Патент USA US2267148код для вставки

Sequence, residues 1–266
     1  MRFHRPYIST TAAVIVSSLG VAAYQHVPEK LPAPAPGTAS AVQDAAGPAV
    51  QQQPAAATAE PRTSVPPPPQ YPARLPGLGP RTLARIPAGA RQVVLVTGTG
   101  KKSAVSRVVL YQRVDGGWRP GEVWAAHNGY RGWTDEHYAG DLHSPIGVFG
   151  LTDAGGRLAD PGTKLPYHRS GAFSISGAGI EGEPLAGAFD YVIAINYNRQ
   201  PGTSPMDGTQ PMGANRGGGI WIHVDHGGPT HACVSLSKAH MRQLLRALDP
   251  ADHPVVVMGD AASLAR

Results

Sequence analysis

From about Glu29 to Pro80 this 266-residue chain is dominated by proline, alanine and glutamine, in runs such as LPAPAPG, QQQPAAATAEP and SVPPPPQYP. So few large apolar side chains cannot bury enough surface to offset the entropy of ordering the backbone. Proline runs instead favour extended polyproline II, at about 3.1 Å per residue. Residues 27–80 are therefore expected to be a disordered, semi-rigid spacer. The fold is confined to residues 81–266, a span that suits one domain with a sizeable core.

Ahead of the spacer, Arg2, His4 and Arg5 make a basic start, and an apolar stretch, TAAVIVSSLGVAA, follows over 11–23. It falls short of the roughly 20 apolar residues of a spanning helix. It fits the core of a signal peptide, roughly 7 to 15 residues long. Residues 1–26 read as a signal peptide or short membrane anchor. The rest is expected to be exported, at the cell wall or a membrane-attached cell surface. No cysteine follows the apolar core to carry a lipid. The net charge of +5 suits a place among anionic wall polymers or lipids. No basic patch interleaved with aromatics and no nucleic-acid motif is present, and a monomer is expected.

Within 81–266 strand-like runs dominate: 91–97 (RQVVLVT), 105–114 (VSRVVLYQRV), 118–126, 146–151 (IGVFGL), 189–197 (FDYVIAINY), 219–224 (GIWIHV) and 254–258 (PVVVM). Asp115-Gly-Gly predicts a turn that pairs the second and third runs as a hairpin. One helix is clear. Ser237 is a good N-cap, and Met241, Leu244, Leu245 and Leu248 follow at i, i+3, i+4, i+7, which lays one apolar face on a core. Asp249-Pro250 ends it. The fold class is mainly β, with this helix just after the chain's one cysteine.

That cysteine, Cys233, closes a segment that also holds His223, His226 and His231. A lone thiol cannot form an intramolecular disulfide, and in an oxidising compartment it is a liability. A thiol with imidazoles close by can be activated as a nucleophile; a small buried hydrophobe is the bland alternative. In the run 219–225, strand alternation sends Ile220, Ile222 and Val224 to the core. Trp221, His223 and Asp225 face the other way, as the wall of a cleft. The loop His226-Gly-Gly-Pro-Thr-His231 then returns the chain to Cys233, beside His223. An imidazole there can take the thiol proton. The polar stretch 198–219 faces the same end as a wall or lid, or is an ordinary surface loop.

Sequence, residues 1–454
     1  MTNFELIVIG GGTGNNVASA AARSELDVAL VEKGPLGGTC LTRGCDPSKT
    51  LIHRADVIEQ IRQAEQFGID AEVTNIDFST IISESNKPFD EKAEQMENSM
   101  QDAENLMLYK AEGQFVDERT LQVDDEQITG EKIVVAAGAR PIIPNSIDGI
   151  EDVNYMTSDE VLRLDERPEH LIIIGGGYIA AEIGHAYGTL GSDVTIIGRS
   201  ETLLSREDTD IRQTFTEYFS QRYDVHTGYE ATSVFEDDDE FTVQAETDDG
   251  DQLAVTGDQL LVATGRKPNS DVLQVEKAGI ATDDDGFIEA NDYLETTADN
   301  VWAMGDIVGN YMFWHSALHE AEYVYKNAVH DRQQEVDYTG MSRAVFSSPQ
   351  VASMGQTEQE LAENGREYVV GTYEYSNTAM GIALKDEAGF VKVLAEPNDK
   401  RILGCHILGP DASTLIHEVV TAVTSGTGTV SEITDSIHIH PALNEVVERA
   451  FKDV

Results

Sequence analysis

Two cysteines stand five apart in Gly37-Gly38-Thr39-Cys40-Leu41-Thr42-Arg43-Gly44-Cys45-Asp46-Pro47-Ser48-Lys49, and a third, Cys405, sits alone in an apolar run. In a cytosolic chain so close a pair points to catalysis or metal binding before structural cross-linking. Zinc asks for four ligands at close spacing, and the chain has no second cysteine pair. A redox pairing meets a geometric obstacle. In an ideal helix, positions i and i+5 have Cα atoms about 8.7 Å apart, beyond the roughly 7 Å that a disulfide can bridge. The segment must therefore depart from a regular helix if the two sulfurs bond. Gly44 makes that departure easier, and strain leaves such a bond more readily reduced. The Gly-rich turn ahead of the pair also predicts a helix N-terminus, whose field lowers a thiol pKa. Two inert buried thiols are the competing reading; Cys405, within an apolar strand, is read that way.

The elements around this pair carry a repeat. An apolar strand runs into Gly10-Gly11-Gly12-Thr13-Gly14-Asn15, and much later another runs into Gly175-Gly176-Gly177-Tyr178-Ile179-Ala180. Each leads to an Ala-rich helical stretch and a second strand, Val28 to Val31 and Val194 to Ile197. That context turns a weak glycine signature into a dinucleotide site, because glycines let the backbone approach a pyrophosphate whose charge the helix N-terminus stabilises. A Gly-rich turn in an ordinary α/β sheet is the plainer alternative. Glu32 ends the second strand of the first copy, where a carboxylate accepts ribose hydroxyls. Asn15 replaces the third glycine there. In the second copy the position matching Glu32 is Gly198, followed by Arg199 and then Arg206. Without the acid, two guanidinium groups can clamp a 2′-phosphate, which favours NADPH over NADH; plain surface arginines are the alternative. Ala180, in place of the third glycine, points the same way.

med Z3, 19%}. UNITED STATES PATENT OFFICE‘ 2,267,148’ _ METHOD or MAKING ALUMINUM SOAPS Charles J. Boner, Kansas City, Mo., assignor to Battenfeld Grease and Oil Corporation, Kansas City, Mo., a corporation of Missouri ' No Drawing. Application January 17, 1940, I Serial No. 314,241 8 Claims. My invention relates to a method of making aluminum soaps. (Cl. 260-414) a catalyst. ‘The reaction will not take place at room temperatures and is not commercially feas I Aluminum soaps are- useful in making lubri cating greases, in paint driers, and in water proo?ng compounds. . The "common method of making aluminum ' soaps commercially is by chemical interchange of a solution of an aluminum salt with a solu tion of an alkaline soap. The aluminum soap forms an insoluble precipitate which is recov- I ered by ?ltering and washing. In the prior art a typical method of makingr an aluminum soap by precipitation is to form an alkali soap by saponifying fat acids with an ' alkali, as, for example, sodium hydroxide. Into a warm aqueous solution of the sodium hydrox ide soap a solution of an aluminum salt, as, for example, aluminum sulphate or aluminum ace tate, is run. The aluminum soap separates as an insoluble precipitate and is separated by ?lter ing. The precipitate is then washed to remove the soluble salts remaining. These salts are principally unreacted aluminum sulphate or ace tate, as the case may be, and the sodium sul phate or acetate which is formed by the reaction. In practice a portion of the water soluble salts can not be separated from the aluminum soap, and the presence of these soluble salts is detri mental in a grease. If it .is attempted to re?ne the aluminum soap further, the product becomes so expensive that its use in commercial lubri cants, for example, is almost prohibitive. Fur thermore, ordinary ?ltration results in an alu minum soap containing about 60% of water. This water must be removed from the aluminum soap mass before it is marketable. The foregoing commercial method is particu larly disadvantageous in the confection of alu ible without the presence of a catalyst. One object of my invention is to provide a novel method for the confection of. aluminum soaps. Another object of my invention is to provide a method of making aluminum, soaps from sa poni?able organic acids at room temperatures by reaction with aluminum hydroxide. A further object of my invention is to provide a method of making aluminum soaps free from soluble salts ‘whereby the aluminum soaps are of superior value in the confection of lubricants. In general, my invention contemplates'the re action of gelatinous aluminum hydrate with saponi?able organic acids in the presence of a catalyst to produce aluminum soaps. The gela tinous aluminum hydrate should preferably have a water content between 75% and 99%. The catalyst should be present in amounts from .0l% to 2.0% ‘by weight of the gelatinous aluminum hydrate on its wet weight. Any of the follow ing alkalis may be used in my process: am monium hydroxide; ammonium- carbonate; potassium hydroxide; potassium ' carbonate ; , sodium carbonate; or sodium hydroxide. With out the free alkali catalyst, the aluminum hy drate will not react at ‘low temperatures, and will ‘react with difficulty producing uncertain yields and non-uniform results at elevated tem peratures. ‘ By means of the catalyst I am enabled to re act fat acids with aluminum hydroxide at room - temperatures, and even at lower temperatures. This is particularly advantageous for fat acids having a low titer, such as oleic and some of the synthetic, naphthenic and rosin acids. Any of the saponi?able organic acids may be used, such minum soaps for grease making. The presence of a soluble salt in the‘ grease leads to di?icul 40 as the fatty acids, naphthenic acids, rosin acids and synthetic acids, or theirderivatives such as ties and frequently makes the grease corrosive, especially to many modern‘ bearing compounds. Theoretically, it is possible to form aluminum soaps by reacting aluminum hydroxide with fat acids. This method is not used commercially, however, and cannot be used commercially be cause the reaction theoretically possible has not obtained by hydrogenation or splitting. The following example, which is given by way of illustration and not by way of‘ limitation, is one method of carrying out my invention. To 100 pounds of fat acids produced by hydrogen ating and splitting ?sh oil, 135 pounds of gelati been commercially feasible. The same results are not always achieved, and frequently the re action will not take place even though the tem nous aluminum hydrate was mixed at room tem perature is elevated to a relatively high degree. 0.2% of sodium carbonate to act as a catalyst. I have discovered that aluminum soaps may The fact acids, and the gelatinous aluminum hy drate containing the catalyst were mixed in a be made at room temperatures from gelatinous aluminum hydrate or aluminum hydroxide by direct reaction with fat acids in the presence of perature. The aluminum hydrate contained about 12% of aluminum oxide, dry basis, and small mixer similar to a dough mixer sometimes used in bakeries. The reaction will take place 2 9,267,148 at room temperature. It can be accelerated by a mild heat. In the example given, the dough mixer was provided with a water jacket through which water at a temperature of 110° F. was cir culated. A putty-like mass is formed and most of the free water separates and can easily be decanted. It will be understood that certain features and subcombinations are of utility and may be em ployed without reference to other features and no water soluble salts and a water content of sub-combinations. This is contemplated by and is within the scope of my claims. It is further obvious that various changes may be made in details within the scope of my claims without departing from the spirit of my invention. It is, therefore, to be understood that my inven approximately 20%. The mass can be dried in tion is not to be limited to the speci?c details ' any desired manner as, for example, spreading shown and described. Havingthus described my invention, I claim: 1. A method of making aluminum soaps in The result is a mass of aluminum soap having ' on trays, in a tunnel drier, or by feeding through a rotary drier. It can be dried by simply fusing , in a mixing kettle which is heated to above the cluding the steps of reacting aluminum hydrate boiling point of water. Any of the drying proc with a saponi?able organic acid in the presence of an alkali catalyst selected from the class con sisting of the hydroxides and carbonates of po tassium, sodium and ammonia. 2. The method of making aluminum soaps in esses mentioned can, of course, be carried out under reduced pressure. I! desired a soap solvent can be added at this ‘ time and the drying continued. I have found that ii’ a mineral oil is added at this time, it will 20 cluding the steps of reacting gelatinous alumi num hydrate having a water content from 75% displace a certain amount of water from the to 99% with a saponiiiable organic acid in the mass and permit the water to be drained off, thus reducing the drying time. I prefer to par presence of from .01% to 2.0% of an alkali catalyst selected from the class consisting of the tially dry before adding the solvent a‘s"“this ac celerates the operation and reduces the possi 25 hydroxides and carbonates of potassium, sodium bility of hydrolysis of the aluminum soap. It will be understood, of course, that any of and ammonia, said percentage of catalyst being measured ' with respect to the weight of the gelatinous aluminum hydrate. the saponi?able organic acids or combinations of acids may be employed. Similarly, the amount 3. A method as in claim 2 in which the saponi of aluminum hydrate may be varied to obtain 30 ?able organic acid is a fatty acid. soaps of varying composition. 4. A method as in claim 2 in which the saponi The soaps made by my process upon ashing will be found to have an aluminum oxide con tent varying i'rom 6% to 20%. ' It will be seen that I have accomplished the objects of my invention. I have provided a proc . ?able organic acid is a derivative of a fat acid. 5. A method as in claim 2 in which the saponi ?able organic acid is a naphthenic acid. 6. A method of making an aluminum soap in cluding the steps of reacting a fat acid with a gelatinous aluminum hydrate having a water es for the confection oi aluminum soaps by the ‘ direct reaction between gelatinous aluminum hy content from 75% to 99% in the presence of droxide and saponiflable organic acids, such as an alkali catalyst selected from the class con fat ,acids and the like, which reaction is pro 40 sisting of the hydroxides and carbonates of po moted by means of a catalyst. The reaction may tassium, sodium and ammonia in the amount of from .01 %‘ to 2.0% by weight of the gelatinous be carried out at room temperature if desired, aluminum hydrate, mechanically mixing the re and is accelerated-by a slight increase in tem actants and catalyst at elevated temperature, perature. By_ means of my reaction, fat acids having a low‘ titer may be used to form alumi sh "ii separating free water from the aluminum soap num soaps. mass formed by the reaction, and then drying The disadvantages oi’ the‘ now industrial method, namely, by chemical interchange of a the aluminum soap. 7. A method as in claim 6 in which an alu minum soap solvent is added to the aluminum solution of an aluminum salt with a solution of an alkaline soap, are avoided. The aluminum 50 soap during the drying operation to partially soaps formed by my process will be substantially displace water contained in the soap. free of water soluble salts. The catalyst, which 8. A method as in claim 6 in which the drying is present in a minor amount, is soluble in the step is carried out at reduced pressure. separated water and is removed with it so that the resulting aluminum soap is relatively free‘ 55 CHARLES J. BONER. oi’ impurities, thus forming a superior aluminum_ soap for use in the confection of greases.